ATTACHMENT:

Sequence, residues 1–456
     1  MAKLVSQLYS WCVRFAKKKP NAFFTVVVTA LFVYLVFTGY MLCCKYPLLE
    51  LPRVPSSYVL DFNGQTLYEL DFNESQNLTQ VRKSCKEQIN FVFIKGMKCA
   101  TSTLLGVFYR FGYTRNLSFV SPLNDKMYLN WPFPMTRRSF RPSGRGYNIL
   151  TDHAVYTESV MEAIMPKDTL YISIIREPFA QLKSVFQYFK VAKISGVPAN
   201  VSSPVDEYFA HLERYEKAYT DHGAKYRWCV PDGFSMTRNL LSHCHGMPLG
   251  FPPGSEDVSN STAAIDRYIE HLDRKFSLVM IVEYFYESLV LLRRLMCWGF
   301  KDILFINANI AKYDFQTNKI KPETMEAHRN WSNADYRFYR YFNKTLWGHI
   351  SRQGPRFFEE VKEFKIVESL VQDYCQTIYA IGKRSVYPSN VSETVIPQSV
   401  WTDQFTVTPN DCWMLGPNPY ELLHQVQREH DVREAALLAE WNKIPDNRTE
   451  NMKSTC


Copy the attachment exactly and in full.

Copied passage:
Sequence, residues 1–456
     1  MAKLVSQLYS WCVRFAKKKP NAFFTVVVTA LFVYLVFTGY MLCCKYPLLE
    51  LPRVPSSYVL DFNGQTLYEL DFNESQNLTQ VRKSCKEQIN FVFIKGMKCA
   101  TSTLLGVFYR FGYTRNLSFV SPLNDKMYLN WPFPMTRRSF RPSGRGYNIL
   151  TDHAVYTESV MEAIMPKDTL YISIIREPFA QLKSVFQYFK VAKISGVPAN
   201  VSSPVDEYFA HLERYEKAYT DHGAKYRWCV PDGFSMTRNL LSHCHGMPLG
   251  FPPGSEDVSN STAAIDRYIE HLDRKFSLVM IVEYFYESLV LLRRLMCWGF
   301  KDILFINANI AKYDFQTNKI KPETMEAHRN WSNADYRFYR YFNKTLWGHI
   351  SRQGPRFFEE VKEFKIVESL VQDYCQTIYA IGKRSVYPSN VSETVIPQSV
   401  WTDQFTVTPN DCWMLGPNPY ELLHQVQREH DVREAALLAE WNKIPDNRTE
   451  NMKSTC